Federal Court says employers must try to accommodate child-care requests
Reprinted from the Metro
In a landmark decision that may help thousands of Canadian parents juggling work and child care, the Federal Court says employers must try to accommodate employees with family obligations.
The ruling, released late last week, upholds a 2010 Canadian Human Rights Tribunal decision against the Canadian Border Services that found the federal agency discriminated against a former Toronto airport customs inspector when it denied her request for regular hours so she could make child-care arrangements.
Fiona Johnstone filed a human rights complaint against the agency in April 2004 after her son was born. Prior to her maternity leave, both Johnstone and her husband, who was a customs supervisor at the time, worked full-time on rotating, irregular shifts at Pearson International Airport.
But with a new baby, the constantly changing work hours made it impossible for Johnston to arrange child care. The only fixed shifts available, however, were part-time and Johnstone wanted to continue working full-time.
Johnstone, whose children are now aged 10 and 8, cried “tears of joy and relief” when she learned the federal court upheld her case.
“I’m thrilled. I’m happy that colleagues in my position won’t have to fight the battle I had to fight,” she said in an interview from her home outside Ottawa where the family now lives.
“I knew it was wrong. I had great support, so I had the ability to wait this out. Not everybody has that,” she said of her nine-year battle.
Johnstone, 42, plans to return to full-time work in August as a boarder services officer at Ottawa International Airport.
“This is a huge win for all Canadian workers with family obligations,” said Robyn Benson, national president of the Public Service Alliance of Canada, which represents about 9,000 workers at the federal agency and helped Johnstone with the case.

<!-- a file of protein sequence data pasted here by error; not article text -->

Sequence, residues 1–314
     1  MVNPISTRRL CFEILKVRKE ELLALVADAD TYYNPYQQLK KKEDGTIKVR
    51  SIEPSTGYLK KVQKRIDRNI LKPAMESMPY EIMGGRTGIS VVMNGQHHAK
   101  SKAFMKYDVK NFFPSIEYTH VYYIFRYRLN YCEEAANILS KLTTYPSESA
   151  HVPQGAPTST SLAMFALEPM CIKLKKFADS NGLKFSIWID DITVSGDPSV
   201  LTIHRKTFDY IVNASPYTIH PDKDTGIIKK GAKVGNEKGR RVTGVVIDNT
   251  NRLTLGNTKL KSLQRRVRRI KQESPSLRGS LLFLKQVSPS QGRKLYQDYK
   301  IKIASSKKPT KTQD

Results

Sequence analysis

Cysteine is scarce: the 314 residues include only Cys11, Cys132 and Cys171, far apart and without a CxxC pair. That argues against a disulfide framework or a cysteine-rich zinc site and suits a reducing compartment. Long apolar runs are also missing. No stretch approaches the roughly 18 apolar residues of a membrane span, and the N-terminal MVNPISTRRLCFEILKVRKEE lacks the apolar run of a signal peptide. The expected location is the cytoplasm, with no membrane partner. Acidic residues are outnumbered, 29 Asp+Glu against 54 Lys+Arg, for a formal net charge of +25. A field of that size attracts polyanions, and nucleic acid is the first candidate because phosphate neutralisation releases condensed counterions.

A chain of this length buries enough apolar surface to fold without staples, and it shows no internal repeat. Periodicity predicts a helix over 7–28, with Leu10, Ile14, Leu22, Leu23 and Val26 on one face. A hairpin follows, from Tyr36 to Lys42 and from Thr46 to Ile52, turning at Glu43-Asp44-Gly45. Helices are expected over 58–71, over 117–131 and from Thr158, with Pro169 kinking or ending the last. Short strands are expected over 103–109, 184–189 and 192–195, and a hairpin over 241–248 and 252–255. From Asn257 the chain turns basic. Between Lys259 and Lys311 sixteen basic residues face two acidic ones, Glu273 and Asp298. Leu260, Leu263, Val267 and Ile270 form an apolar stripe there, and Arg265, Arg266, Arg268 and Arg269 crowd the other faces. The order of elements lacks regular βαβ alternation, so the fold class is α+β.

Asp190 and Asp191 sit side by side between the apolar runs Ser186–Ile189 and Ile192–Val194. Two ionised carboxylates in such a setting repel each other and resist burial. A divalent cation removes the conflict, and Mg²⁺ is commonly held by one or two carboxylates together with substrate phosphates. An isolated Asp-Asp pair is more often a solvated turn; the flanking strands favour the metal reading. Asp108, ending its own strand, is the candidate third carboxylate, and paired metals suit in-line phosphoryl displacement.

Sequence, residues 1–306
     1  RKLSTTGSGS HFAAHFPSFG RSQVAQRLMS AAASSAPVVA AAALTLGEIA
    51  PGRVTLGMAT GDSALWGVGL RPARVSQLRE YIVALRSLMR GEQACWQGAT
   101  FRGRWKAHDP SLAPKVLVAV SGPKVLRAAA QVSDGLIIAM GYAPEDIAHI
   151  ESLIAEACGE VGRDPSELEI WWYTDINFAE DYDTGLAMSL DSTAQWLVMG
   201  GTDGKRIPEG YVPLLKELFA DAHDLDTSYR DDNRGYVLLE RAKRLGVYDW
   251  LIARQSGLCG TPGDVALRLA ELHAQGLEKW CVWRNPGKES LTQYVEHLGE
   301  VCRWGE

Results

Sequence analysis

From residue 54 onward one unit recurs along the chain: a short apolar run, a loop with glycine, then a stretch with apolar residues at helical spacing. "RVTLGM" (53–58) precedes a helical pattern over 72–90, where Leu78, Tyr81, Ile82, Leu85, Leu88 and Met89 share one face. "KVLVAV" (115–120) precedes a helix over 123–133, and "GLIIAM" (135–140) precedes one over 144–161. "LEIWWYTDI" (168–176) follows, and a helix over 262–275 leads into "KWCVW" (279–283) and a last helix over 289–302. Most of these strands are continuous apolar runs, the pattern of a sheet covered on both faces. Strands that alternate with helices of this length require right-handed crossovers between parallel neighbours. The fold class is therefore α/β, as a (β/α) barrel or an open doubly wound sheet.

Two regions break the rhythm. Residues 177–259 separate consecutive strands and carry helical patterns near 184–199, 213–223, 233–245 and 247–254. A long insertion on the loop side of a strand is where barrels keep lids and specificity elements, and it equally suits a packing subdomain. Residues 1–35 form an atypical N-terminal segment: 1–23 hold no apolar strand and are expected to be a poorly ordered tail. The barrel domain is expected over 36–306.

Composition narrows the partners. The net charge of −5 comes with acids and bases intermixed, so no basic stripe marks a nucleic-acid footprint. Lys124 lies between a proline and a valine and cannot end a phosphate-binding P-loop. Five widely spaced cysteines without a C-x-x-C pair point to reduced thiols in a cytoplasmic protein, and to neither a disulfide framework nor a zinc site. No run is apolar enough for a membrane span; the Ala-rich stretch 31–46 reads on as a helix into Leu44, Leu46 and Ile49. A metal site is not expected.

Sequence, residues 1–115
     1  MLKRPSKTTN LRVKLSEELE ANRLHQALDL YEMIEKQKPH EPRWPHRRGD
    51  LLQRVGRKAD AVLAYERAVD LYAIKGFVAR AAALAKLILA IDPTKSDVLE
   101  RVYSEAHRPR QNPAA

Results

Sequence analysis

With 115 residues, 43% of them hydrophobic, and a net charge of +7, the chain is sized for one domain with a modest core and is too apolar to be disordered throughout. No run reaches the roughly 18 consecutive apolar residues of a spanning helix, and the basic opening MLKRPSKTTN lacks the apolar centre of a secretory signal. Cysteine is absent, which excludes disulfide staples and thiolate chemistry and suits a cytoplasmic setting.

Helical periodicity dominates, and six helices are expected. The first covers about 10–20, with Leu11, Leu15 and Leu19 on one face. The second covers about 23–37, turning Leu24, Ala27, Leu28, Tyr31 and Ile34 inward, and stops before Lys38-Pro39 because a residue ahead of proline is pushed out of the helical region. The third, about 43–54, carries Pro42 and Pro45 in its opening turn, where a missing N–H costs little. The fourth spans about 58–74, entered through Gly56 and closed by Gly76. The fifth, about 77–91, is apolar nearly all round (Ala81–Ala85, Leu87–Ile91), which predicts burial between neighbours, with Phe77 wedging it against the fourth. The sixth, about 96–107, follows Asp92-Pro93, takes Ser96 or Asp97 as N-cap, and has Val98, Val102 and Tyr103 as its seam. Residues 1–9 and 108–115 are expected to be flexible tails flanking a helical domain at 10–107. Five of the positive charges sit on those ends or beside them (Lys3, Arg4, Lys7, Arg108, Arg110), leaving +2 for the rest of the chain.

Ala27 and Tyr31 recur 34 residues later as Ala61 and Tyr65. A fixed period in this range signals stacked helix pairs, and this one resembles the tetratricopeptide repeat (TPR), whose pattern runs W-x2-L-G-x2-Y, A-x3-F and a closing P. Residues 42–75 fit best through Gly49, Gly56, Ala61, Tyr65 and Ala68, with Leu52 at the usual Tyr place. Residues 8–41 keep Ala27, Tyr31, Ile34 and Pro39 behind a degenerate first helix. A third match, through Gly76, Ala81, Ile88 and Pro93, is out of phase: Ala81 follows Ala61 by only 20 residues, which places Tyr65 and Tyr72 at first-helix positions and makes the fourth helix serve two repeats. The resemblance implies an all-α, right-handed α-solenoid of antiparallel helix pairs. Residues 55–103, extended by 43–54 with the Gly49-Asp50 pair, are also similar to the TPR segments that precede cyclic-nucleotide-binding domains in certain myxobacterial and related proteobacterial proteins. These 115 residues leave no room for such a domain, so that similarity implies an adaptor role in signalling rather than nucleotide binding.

“It is clear now that employers must carefully consider each and every family status accommodation request and accommodate them short of undue hardship,” Benson said.
A spokeswoman for Canadian Border Services said the agency revised its policies in June 2011 to address requests such as the one made by Johnstone. The agency is reviewing the decision and has 30 days to decide whether to appeal, Esme Bailey added in an email.
The Canadian Human Rights Act protects employees from discrimination on the basis of family status, but the agency argued that child-care responsibilities do not trigger a “duty to accommodate.”
In its 2010 decision in Johnstone’s favour, the tribunal chided Canada Border Services for treating parenting as a mere lifestyle choice and for ignoring a previous 1993 tribunal decision that ordered the agency to change its policies to accommodate family obligations.
In his ruling last week, Federal Court Justice Leonard Mandamin reaffirmed the tribunal’s decision.
“I find there was evidence before the tribunal supporting its conclusion that Ms. Johnston was discriminated against on the basis of her family status,” he wrote.
The federal agency’s policy was “based on the arbitrary assumption that the need for accommodation on the basis of family obligations was merely the result of choices that individuals make, rather than legitimate need,” Mandamin added.
Mandamin upheld the tribunal’s order to Canadian Boarder Services to pay Johnston the difference between her part-time and full-time wages and benefits from 2004 until August 2007 when the family relocated to Ottawa and she took unpaid leave. He also upheld the tribunal’s order for the agency to pay Johnstone $20,000 in special damages.
What are the effects of balancing child care with work? How do you balance your work and family?